Why Spread? It is All About Arithmetic

By Ross Fulton on February 2, 2012 at 9:00a
Fist pump for math.

We are beyond excited to announce the addition of Ross Fulton to Team 11W. Finally, your favorite Buckeye site has the preeminent Xs and Os guy this side of Chris Brown and he'll be delivering the goods on a regular basis1. Please welcome Ross to the fold and take this opportunity to soak up the benefits of spread arithmetic.  You can follow Ross on twitter @RossRFulton.

This winter, I took a two part look at the Urban Meyer offense, namely his philosophy and base plays (See here and here).  I now want to take a step back to a more foundational question--why does an offense choose to spread?  As Ohio State's offense will now primarily base from "spread" formations going forward, it is helpful to understand why they are doing so.

First, a definitional point.  As I discuss here, the terms 'spread' has been over-applied to have lost any meaning, used for offenses as diverse as Mike Leach's airraid to Rich Rodriguez's zone read.  For my purposes, I will define spread as any offense that is based out of shotgun to run the football.  

The definition itself somewhat belies the answer to my question.  The short answer to why a team wants their quarterback in the shotgun is arithmetic.  As Chris Brown of Smart Football succinctly describes, both the offense and defense have eleven players.  The defense will always outnumber the offense, however, because the defense has a counterpart to the offense's ball carrier, and thus an unblocked defender.

A pro-style offense handles this by using the passing game as a threat.  That unblocked defender generally has to play deep as a free safety to defend against the pass.  However, from a pro-style system, once the quarterback hands off the defense now has two unblocked players, because the quarterback becomes a spectator, leaving the defense's counterpart to the running back and quarterback both free.  As a result, the defense not only has an unblocked free safety, but also a defender closer to the line of scrimmage, generally in the form of the unblocked edge player away from the called run.


The most basic way a pro-style offense deals with this problem is to bootleg off run action to hold the backside defender (though Jim Tressel-era offenses often failed to execute these 'constraint' plays).  As Chris Brown observes, though, this is an imperfect option, namely because it must be determined pre-snap, and turns the quarterback's eyes away from the action.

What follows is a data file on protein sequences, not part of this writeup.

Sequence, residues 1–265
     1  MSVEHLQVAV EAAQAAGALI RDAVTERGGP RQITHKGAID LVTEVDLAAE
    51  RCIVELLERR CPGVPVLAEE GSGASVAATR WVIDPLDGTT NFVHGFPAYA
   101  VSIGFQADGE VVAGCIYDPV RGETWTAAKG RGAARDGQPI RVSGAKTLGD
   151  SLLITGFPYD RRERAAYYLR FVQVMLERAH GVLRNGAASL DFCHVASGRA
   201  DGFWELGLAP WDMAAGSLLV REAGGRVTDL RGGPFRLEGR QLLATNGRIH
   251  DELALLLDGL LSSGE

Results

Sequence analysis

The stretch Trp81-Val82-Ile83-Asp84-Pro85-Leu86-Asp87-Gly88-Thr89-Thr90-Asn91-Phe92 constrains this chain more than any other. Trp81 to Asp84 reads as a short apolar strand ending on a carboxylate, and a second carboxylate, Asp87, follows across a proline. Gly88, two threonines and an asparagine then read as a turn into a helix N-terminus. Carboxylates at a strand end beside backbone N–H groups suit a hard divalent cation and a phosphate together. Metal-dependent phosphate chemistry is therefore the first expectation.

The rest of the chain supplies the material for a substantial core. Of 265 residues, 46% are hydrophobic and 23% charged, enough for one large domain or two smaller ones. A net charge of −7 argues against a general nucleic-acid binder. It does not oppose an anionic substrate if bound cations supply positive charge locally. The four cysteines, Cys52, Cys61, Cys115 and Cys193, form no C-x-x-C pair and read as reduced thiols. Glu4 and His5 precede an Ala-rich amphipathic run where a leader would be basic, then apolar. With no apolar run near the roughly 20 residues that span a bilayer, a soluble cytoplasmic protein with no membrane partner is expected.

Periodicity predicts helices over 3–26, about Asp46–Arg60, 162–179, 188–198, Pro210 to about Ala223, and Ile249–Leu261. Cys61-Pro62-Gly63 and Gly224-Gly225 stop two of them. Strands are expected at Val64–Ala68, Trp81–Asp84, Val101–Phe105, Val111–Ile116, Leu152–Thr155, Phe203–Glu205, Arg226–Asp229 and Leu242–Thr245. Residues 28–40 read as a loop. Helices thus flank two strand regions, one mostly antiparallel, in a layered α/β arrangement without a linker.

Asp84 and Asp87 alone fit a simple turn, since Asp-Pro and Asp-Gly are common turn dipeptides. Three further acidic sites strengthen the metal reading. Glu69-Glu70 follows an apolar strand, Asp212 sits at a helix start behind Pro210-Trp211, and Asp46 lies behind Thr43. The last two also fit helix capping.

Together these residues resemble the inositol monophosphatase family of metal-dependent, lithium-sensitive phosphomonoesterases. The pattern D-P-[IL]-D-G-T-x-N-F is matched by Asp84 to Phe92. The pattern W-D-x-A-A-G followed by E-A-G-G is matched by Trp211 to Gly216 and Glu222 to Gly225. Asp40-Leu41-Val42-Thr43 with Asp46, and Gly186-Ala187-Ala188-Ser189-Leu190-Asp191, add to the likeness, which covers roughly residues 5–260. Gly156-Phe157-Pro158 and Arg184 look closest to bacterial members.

The 'spread' attacks this problem by putting in the shotgun and making him a run threat. This began with the basic zone read.  Suddenly, the defense must account for an additional run threat, taking up the tenth defender. (H/T:  Smart Football).  Now, the quarterback's counterpart is held by the read, causing him to hold his gap rather than crash down, as in the clip above.

Note that the primary purpose is to hold that defender to open up your base run play.  So a spread team may run the same zone play as an offense under center, but the spread team negates an unblocked defender with the read and threat of the QB run.  Of course, if the end does cheat, then the quarterback will pull the ball to gain yardage.  

The arithmetic advantage works beyond simply opening up base tailback runs.  When the offense makes the quarterback a potential ball carrier, the defense again loses one of the unblocked defenders.  The offense can do this in two ways.  It can run true option, such as inverted veer, which takes advantage of what option offenses have long known, which is that the best way to 'block' an unblocked defender is to option him. 


The second is to use the quarterback as the ball carrier on designed runs.  Now the offense has ten blockers for ten defenders, while running the same base run plays. 

The spread's entire premise, then, is by making the quarterback a run threat, an offense gains an arithmetic advantage without devoting an entire offense to option football.  Note that my discussion had nothing to do with spreading out receivers.  That is simply an add-on advantage where, because the quarterback can run the football, an offense can remove people from the box and still have an effective run game.

Where and how an offense spreads its skill players is thus an added bonus, used to gain leverage and force defensive looks.  The core of the offense is the quarterback as run threat and what it does to the arithmetic of football.  This is the base of Urban Meyer's offense--to gain a numbers' advantage to run the football inside.  As we move forward this offseason, I will continue to examine the foundational aspects of Urban Meyer's 'spread' system.    

  • 1 No, but seriously, do you know how much it took to get Ross? His contract calls for 20 pounds of Kobe (no skimping with Wagyu, either) beef, two pounds of prime Italian truffles and three large bags of Peanut M&Ms per week. And poor Corey has to sort out all of the brown M&Ms by hand before we deliver them to Ross. Won't you please consider contributing to our fundraiser? This is just the start in a whole series of awesome things we have planned for the next year and your help will go a long way towards helping us achieve these goals.
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